Long Taiwan: Floodgates Waiting To Open

“….the delicate balance across the Taiwan Strait will continue to Challenge the wisdom and strength of the government in Beijing” 


Su Guaning, President of NTU, quoted in an interview in The Business Times Singapore on how China’s economy will evolve in the coming decade.



The gravitational pull of the mainland is becoming ever stronger for Taiwanese companies in advance of the historic memorandum of understanding on financial supervision that is expected to be signed in November. This is just the latest link between the two states since Beijing seized on the global recession as an opportunity to thaw relations. As “panda diplomacy” has evolved beyond symbolic gestures with the introduction of direct trade and travel and direct investments by PROC companies, the pace of development has quickened.



In the past month the number of Taiwanese firms seeking to take advantage of the accord by establishing partnerships on the mainland have grown rapidly, with prospectors ranging from the Taiwan Stock Exchange and leading brokerage Fubon Securities opening discussions with Shanghai counterpart to Sanyang Industry’s partnership with Chinese bus manufacturer Xiamen King to develop modern coach line vehicles for the mainland market. 



Rising from only 3% of total exports a decade ago to nearly 30% of the total today, the rising mainland consumer base has become THE critical growth market for Taiwanese technology and communications firms.  This closer relationship is driving more than just exports, YTD the TAIX has traded with a strong correlation to mainland equities, racking up an R2 just shy of 90% YTD (see charts).


Long Taiwan: Floodgates Waiting To Open - a1


Long Taiwan: Floodgates Waiting To Open - a2



As the economic ties continue to draw the island nation closer to Beijing, it is important to note that the political and cultural obstacles remaining are immense. Officially the PROC government regards the island as a rebellious district rather than a separate state (let alone sovereign nation). A recent reminder of the long standing military tension was the conviction of US DOD employee James Wilbur Fondren two weeks ago. Fondren had been passing on sensitive pentagon documents from 2004 to 2008 regarding strategic planning for joint US/Taiwanese joint defense to a Taiwanese citizen posing as an operative for his government who was in fact an agent for Beijing.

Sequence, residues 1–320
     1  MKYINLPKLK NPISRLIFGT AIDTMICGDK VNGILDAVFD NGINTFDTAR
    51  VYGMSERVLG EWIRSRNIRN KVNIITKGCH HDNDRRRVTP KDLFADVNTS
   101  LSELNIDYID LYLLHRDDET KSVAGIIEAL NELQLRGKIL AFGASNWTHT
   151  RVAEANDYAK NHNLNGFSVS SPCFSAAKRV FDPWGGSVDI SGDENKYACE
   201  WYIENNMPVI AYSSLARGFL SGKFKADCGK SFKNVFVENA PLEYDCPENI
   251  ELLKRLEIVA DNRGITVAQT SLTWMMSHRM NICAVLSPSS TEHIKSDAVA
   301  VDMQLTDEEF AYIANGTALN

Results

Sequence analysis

We are long Taiwanese equities via EWT as a tactical play on rising Chinese consumer demand. In the long term, for better or worse, the two economies are intertwined. It remains to be seen if the common economic advantages of the current initiatives will lead to a political partnership equally as equitable.


Andrew Barber


Slouching Towards Wall Street… Notes for the Week Ending Friday, October 9, 2009

Unemployment-Gate – What Didn’t The Government Know, And When Didn’t They Know It?



Dirty Harry To SEC: Make My Day



Pandit To Sheila Bair: Make My Day



Dollar To The World: Make My Day








Floyd Norris shared a story in his blog (2 October, “Recession?  What Recession?”) hinting that Bank of America may not be the only major institution to withhold key information from its shareholders.



“In early 2008,” writes Norris, “a small band of people were arguing that we were in a recession. But the conventional wisdom – including at the Federal Reserve – was that the employment numbers said otherwise.”  “Otherwise” as is, “you don’t go into recession when you are losing 60,000 jobs a month.”



We can all agree that 60,000 jobs do not a recession make.  But Norris says Bureau of Labor Statistics dramatically underestimated the number of jobs lost.  The total projections of less than 6 million were enough to shake folks up – but the current estimates have been revised to in excess of eight million.  This is not a rounding error. 



Is this another example of those smart enough to actually predict trends going to work on Wall Street, where they can make a fortune – and the government taking the leavings?  Why do We The People have to rely on folks who couldn’t make the grade in the real world?